With the frame being ready, next up was cladding, including the 6 doors, the roof and some internal walls and storage. (Find Step 1: The Frame here).
First, we cut and bent the aluminium sheets. We were very lucky a friend let us use his machines. (Thank you Trent!) Like this we saved a lot of time. For the first box he made, Cody cut and bent everything by hand, it is possible, just a lot more work.
While cutting and bending, we always double checked the measurements of the frame, as often the theory doesn’t match up with the reality and we needed to have it right to the millimeter.
We first prepared the parts that will be welded on the frame, before later making the doors to suit the gaps.
Details of aluminium sheets
For the outside of the box and the floor, we used 3mm thick aluminium sheets to ensure rigidity.
The doors and roof
There are 6 doors on the camper box: a very big kitchen door, a door for the tool storage area, two doors each side of the tyre storage as well as two big back doors that open up almost the whole back of the camper box. Also, the roof of the camper box lifts up with strong gas struts.
We folded 3mm sheets into the correct shapes and sizes to make the door frames and to allow the door seals to attach to. The frames had to be made of multiple segments as the sheet bender couldn’t make two or more bends close together this caused a change in the overall design of the doors and seals but nothing too drastic.
The doors were made from 2mm sheet as we found the bender was not able to get tight enough folds for the edges with the 3mm sheet. This resulted in a weight saving but caused difficulty with the doors warping much more with the heat of welding in the support frame. The doors’ supports that we welded in were 25x25x3mm tube. This made the door panels very strong and rigid and also allowed somewhere to affix the gas struts.
The roof is made from a 3mm aluminium sheet 1500x3000mm and four machine bent side pieces welded around for shape and rigidity. To this we welded two 25x25x3mm square tube in the centre for strength and 50x5mm flat bar internally at the front for strengthening at the hinges. An internal lip all the way around allowed for the canvas to be attached, which was done by a professional company.
Internal walls and storage
Next up we decided on the layout for the internal walls for the back of the kitchen and tool storage area. This would not only affect the amount of storage internally but also the amount of room we have in the kitchen and tool storage area which are both very important for us.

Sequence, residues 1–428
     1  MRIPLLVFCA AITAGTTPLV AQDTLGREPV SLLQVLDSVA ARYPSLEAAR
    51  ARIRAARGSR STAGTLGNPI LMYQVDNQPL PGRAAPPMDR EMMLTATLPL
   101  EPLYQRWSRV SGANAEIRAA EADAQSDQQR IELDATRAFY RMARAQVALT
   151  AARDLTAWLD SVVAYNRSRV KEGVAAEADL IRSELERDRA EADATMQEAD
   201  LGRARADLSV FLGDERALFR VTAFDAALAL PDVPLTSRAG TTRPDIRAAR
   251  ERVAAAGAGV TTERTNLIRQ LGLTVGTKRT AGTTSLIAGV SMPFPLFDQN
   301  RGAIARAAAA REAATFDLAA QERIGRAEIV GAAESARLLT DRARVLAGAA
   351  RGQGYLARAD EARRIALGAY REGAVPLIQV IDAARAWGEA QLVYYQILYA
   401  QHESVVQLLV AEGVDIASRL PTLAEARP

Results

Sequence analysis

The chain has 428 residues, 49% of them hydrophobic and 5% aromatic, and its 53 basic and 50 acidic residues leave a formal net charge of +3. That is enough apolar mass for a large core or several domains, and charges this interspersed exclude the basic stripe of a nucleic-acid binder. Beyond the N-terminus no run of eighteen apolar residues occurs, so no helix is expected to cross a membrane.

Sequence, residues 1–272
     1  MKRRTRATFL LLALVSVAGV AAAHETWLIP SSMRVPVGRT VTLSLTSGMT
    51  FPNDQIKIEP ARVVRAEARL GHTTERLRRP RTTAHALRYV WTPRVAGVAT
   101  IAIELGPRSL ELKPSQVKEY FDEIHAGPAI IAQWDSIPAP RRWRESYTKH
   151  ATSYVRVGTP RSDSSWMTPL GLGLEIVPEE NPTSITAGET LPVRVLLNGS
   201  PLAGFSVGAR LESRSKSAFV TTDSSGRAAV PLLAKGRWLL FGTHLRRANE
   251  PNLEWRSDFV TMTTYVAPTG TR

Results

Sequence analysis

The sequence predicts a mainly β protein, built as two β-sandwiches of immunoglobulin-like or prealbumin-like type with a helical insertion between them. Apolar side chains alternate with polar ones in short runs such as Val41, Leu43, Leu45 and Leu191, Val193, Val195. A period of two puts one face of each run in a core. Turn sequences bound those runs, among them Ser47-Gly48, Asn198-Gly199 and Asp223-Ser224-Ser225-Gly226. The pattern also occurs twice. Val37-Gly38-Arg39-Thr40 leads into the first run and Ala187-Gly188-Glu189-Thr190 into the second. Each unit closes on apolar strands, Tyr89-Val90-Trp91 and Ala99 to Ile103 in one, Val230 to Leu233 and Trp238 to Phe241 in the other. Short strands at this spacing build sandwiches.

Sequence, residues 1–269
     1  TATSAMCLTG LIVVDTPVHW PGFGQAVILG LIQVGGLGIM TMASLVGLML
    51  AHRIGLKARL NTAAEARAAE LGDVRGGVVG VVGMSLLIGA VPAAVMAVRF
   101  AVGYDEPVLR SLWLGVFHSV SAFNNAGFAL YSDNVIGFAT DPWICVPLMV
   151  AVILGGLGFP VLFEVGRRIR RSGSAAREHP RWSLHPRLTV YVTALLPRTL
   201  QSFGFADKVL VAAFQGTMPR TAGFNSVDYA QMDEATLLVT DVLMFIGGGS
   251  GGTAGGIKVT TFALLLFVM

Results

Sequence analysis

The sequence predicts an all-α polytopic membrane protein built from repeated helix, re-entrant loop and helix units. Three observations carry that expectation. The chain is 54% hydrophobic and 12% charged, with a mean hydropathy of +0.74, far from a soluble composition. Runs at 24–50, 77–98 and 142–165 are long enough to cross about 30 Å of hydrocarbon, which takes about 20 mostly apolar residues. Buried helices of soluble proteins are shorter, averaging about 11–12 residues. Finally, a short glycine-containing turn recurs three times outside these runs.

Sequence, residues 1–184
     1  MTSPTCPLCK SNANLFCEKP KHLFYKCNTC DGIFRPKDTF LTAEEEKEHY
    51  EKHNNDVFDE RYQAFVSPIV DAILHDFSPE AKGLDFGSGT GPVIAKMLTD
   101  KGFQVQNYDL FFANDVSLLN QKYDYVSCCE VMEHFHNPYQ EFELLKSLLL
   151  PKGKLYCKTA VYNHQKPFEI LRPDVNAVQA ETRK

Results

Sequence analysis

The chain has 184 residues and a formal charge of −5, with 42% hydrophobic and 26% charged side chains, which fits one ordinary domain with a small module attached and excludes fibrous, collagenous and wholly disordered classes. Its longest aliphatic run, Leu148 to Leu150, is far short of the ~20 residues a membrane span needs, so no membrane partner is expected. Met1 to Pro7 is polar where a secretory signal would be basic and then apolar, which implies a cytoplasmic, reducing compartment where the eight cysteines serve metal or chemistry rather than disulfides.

Once we had decided on the dimensions we folded two large boxes out of 3mm sheet that were welded into the camper these are the walls and roof of the kitchen and tool storage area and also the base on which the bed frame will rest.
Next we made two more boxes from 3mm sheet that are used as the seating. One with internal storage and the other with access to the fridge in the kitchen area underneath.
We made two storage boxes that sit at the top between the two walls below the bed. These will be accessible by lifting the bed frame with the assistance of gas struts. Under these storage boxes will be a table that tucks away and 3 drawers made from wood.
The very last of the sheet metal bending was the stove drawer cover and the stove drawer itself.
The ladder is made from leftover steel we still had lying around. We used cantilever tracks for the ladder to slide in and out and cantilever trolleys that the ladder itself is attached to. If we hadn’t had these pieces, we would have bought a ready-made ladder.
Note: We didn’t actually do everything in the order described here. We did everything at once, started one thing and then finished another and later came back to the first thing. The ladder for example we only made once the camper box was almost completely finished but it makes more sense to write about it here.
Sanding, priming, painting
After finishing all aluminium work, we spray primed and spray painted the camper box, roof and the doors. Before that, we had to fill some uneven spots (especially on the doors) and sand the whole camper box, the roof and the doors. We sanded with 80, then 120 and then 240 grit with an orbital sander (the edges by hand) and cleaned everything with thinners before applying the first coat of primer.
We used an etch primer and a top loaded spray gun. The primer had to be mixed with around 15% of thinners to be liquid enough to be sprayed. We applied two coats of primer.
After priming, we sanded everything with 600 and 1000 grit by hand with a lot of water. Next, we applied two coats of enamel paint. We used the same spray gun but had to use different thinners to mix it with.
Find the next step: Interior Fit-out here.